Nov. 5, 2021 --During the pandemic year of 2020, life expectancy dropped and more than 28 million extra years of life were lost in 31 countries – with men hit much harder than women, a new analysis shows.
Excess years of life lost in 2020 were more than five times higher than years of life lost due to seasonal influenza in 2015, the researchers write.
The study was published online November 3 in The BMJ.
Nazrul Islam, , PhD, with the University of Oxford, United Kingdom, and colleagues estimated changes in life expectancy and excess years of life lost (YLL) in 2020 associated with the COVID-19 pandemic in 37 upper-middle and high-income countries or regions with reliable and complete mortality data.
In all 37 countries, life expectancy at birth increased in men and women between 2005 and 2019.
But in 2020, life expectancy declined in both men and women in 31 countries studied. The exceptions were New Zealand, Taiwan, and Norway, where a gain in life expectancy was noted, and Denmark, Iceland, and South Korea, were no change in life expectancy was observed.
The biggest pandemic drop in life expectancy (in years) happened in Russia (−2.33 in men and −2.14 in women), the United States (−2.27 in men and −1.61 in women), Bulgaria (−1.96 and −1.37), Lithuania (−1.83 and −1.21), Chile (−1.64 in men) and Spain (−1.11 in women).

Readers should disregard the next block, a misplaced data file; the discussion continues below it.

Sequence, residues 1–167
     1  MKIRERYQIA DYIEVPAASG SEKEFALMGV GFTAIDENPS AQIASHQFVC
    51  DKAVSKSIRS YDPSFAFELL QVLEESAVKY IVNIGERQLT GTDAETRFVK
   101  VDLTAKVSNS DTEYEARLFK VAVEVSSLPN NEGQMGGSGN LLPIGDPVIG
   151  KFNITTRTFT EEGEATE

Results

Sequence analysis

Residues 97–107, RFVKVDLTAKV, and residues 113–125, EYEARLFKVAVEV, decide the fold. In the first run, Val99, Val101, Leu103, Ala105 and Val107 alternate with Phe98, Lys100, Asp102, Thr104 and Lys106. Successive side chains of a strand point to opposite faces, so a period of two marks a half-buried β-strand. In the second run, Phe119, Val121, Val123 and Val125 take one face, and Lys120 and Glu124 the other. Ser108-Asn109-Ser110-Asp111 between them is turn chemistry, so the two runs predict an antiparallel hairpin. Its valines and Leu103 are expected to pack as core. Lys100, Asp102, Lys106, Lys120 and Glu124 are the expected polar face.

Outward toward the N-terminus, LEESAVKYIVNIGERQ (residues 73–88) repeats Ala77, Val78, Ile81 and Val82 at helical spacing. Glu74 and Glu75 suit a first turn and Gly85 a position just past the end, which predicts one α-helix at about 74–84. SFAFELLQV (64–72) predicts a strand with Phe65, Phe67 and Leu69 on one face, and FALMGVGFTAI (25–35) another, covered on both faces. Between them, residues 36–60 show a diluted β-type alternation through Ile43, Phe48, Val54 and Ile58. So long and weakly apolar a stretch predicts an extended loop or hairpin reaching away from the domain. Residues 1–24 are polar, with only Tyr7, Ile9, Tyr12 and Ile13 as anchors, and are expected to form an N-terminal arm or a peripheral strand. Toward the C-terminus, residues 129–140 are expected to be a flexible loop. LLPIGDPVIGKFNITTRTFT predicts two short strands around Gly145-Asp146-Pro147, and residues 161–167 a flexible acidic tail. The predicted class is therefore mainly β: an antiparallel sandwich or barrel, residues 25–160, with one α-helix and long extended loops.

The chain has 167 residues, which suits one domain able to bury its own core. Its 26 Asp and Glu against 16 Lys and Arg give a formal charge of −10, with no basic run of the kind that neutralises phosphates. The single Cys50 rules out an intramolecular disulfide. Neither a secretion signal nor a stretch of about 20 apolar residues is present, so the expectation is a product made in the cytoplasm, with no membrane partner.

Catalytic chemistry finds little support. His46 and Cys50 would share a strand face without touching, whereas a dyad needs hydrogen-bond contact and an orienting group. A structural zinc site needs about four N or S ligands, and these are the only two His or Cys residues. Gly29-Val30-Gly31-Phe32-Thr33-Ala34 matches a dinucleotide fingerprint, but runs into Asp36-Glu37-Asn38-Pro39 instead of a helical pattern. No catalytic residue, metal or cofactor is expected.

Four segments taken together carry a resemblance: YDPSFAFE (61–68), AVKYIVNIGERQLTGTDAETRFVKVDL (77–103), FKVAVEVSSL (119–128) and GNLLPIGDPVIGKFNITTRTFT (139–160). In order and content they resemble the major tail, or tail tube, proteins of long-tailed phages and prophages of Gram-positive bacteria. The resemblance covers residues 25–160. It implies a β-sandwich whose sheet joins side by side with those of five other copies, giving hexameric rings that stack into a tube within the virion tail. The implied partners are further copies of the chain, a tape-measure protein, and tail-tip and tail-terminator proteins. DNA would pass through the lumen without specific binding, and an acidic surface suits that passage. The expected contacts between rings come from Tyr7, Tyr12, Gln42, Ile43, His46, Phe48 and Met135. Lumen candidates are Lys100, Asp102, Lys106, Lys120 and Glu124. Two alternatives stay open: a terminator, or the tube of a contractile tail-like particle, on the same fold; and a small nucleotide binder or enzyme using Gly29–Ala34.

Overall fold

YLL in 2020 topped expectations in all countries expect Taiwan, New Zealand, Norway, Iceland, Denmark, and South Korea.
In the remaining 31 countries, more than 222 million YLL were lost in 2020, which is 28.1 million more than expected (17.3 million in men and 10.8 million in women), they report.
The most YLL (per 100,000) happened in Bulgaria (7260 in men and 3730 in women), Russia (7020 in men and 4760 in women), Lithuania (5430 in men and 2640 in women), the US (4350 in men and 2430 in women), Poland (3830 in men and 1830 in women), and Hungary (2770 in men and 1920 in women).
Excess YLL were relatively low in people younger than 65 years, except in Russia, Bulgaria, Lithuania, and the U.S. where the excess years of life lost was more than 2000 per 100,000.
Resiliency of Health Systems
The researchers say comparable or lower than expected YLL in Taiwan, New Zealand, Norway, Iceland, Denmark, and South Korea “underscore the importance of successful viral suppression and elimination policies, including targeted and population based public health policy interventions.”
“A comprehensive pandemic preparedness aimed at more resilient health systems could be key to tackling the impact of future pandemics,” they write.
Due to a lack of mortality data, the analyses did not include most countries from Asia, Africa, and Latin America, the authors said. They were also unable account for some “critically important” factors such as socioeconomic status and race or ethnicity.
They also were not able determine whether these excess deaths were directly caused by the coronavirus or were related to other causes of deaths.
Given that the COVID-19 pandemic is not over, future studies are needed to estimate the long-term burden of the pandemic, including direct and indirect effects, the researchers say.